The final deciding factor in prioritizing health workers is that officials at the U.S. Food and Drug Administration (FDA) believe the benefits far outweigh the possible risks. The FDA leveraged an Emergency Use Authorization (EUA) to make vaccines available to the public faster than usual during the pandemic. In order to do that, they weighed the benefits against the risks before issuing the UAE. After this, the members of ACIP reviewed extensive data about the vaccines and their trials before they voted on whether to approve the them and advise the CDC on whether to recommend them.
With all these layers of testing, review and approval, healthcare workers and others should feel confident about getting vaccinated. Prior to receiving the shots, everyone will be advised of the risks and benefits of the vaccine. In addition, they must be given an EUA fact sheet with complete information about the vaccines. The healthcare workers who have received the early shots have not objected to the information on them. Even after the vaccines are approved and released for use, their safety and effectiveness will continue to be monitored by experts at the CDC and FDA.
LTCF residents are being allowed to receive early vaccinations because they are part of a population that is considered higher risk and is being particularly hard hit by the coronavirus pandemic. Older residents of these facilities are more at risk from dying of COVID-19 than any other group.
LTCF residents include any adults who reside full time in facilities that offer a wide range of services, including medical and personal care, to those who are unable to live on their own. LTCF living conditions are congregate settings by nature and they typically serve an older population with underlying medical conditions. This puts residents at increased risk of becoming ill from COVID-19 and experiencing severe complications because of the disease.
As of late 2020, more than 600,000 coronavirus cases and approximately 100,000 deaths were attributed to residents and staff members of long term care facilities. They accounted for almost four out of ten COVID-19 related deaths. This alone is enough to make people in these facilities a top priority for getting the coronavirus shots.
As is the case with medical professionals, officials at the U.S. Food and Drug Administration agree that the benefits of vaccinating people in LTCFs outweigh the risks. Residents can feel confident about getting the shots because all COVID-19 vaccines have been tested in clinical trials that involved tens of thousands of people of different races, ethnicities and ages, including seniors. No significant safety concerns were uncovered during the trials. The most common side effects found during them included pain at the injection site, minor fever and chills.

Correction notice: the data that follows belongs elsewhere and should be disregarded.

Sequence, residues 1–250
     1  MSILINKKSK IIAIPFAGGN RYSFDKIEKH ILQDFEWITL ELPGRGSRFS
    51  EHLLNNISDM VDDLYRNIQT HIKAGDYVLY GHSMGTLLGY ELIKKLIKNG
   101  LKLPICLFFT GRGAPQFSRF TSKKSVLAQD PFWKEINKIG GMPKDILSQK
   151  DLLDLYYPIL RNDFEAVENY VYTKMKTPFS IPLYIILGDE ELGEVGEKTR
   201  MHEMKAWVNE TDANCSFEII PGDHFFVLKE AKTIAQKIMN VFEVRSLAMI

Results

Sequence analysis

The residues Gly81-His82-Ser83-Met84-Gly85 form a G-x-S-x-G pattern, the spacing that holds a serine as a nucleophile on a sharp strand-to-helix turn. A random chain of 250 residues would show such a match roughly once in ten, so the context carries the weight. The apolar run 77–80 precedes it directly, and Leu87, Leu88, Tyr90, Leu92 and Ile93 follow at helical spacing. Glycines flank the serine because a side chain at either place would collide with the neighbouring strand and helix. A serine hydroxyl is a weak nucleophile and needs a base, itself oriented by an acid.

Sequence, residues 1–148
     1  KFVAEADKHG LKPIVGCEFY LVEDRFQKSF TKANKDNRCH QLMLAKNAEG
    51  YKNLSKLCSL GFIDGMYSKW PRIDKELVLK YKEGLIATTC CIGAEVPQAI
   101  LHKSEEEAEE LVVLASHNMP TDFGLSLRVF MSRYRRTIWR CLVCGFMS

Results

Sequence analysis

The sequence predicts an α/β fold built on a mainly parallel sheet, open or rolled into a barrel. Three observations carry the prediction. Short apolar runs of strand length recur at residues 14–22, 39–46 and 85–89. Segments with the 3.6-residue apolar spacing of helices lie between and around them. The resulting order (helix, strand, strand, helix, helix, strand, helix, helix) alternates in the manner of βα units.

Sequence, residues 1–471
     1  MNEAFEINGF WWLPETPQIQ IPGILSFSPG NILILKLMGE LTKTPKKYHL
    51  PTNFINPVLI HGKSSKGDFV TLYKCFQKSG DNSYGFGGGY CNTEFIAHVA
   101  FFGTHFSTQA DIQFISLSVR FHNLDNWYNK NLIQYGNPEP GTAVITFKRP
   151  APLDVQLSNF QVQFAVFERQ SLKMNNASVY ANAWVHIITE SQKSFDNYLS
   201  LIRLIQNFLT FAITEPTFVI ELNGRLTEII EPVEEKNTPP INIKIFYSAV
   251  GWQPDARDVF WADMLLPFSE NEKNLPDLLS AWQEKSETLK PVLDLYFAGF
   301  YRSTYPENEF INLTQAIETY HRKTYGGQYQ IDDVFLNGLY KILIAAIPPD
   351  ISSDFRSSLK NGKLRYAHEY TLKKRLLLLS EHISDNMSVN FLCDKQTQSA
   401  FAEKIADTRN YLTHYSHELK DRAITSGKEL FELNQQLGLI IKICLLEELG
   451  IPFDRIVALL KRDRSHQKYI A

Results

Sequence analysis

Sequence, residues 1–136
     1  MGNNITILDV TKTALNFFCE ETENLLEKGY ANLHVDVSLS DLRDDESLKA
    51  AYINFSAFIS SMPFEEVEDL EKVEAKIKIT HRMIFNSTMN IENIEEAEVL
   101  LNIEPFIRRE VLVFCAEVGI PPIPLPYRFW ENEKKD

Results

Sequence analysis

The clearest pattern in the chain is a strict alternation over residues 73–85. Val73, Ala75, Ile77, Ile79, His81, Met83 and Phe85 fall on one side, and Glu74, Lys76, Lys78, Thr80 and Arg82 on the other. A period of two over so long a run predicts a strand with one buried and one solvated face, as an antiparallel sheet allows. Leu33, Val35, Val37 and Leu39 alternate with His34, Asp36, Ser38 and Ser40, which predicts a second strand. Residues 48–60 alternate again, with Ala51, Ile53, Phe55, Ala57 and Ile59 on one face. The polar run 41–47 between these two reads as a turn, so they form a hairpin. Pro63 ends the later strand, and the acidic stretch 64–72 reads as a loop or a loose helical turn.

The CDC and FDA are closely monitoring the ongoing safety and effectiveness of the COVID-19 vaccines in everyone, including people over age 65. For LTCFs, the CDC is working with pharmacies like CVS and Walgreens and other partners to gather information about possible side effects through the Vaccine Adverse Event Reporting System (VAERS). Facility staff and family members are also encouraged to report issues as soon as possible. And like everyone receiving the COVID-19 vaccines, people in LTCFs will be advised of the benefits and risks and receive the EUA fact sheet.
Once the medical professionals and people associated with LTCFs are vaccinated (receiving a second dose when required) as part of the phase 1a effort, the CDC recommends that the following high priority groups should be offered them as part of the phase 1b and phase 1c rollouts.
As more vaccine doses come available, additional segments of the U.S. population will be allowed to receive them. It is expected that approximately 70 percent of the people living in the United States will be vaccinated by late summer, which is when life could begin returning to normal, or some new form of it.
Business owners just need to hang on a little longer to make it through to a better tomorrow. Many economists predict a potential business boom once the pandemic is under control. That boom could come soon, depending on how quickly people get inoculated against COVID-19.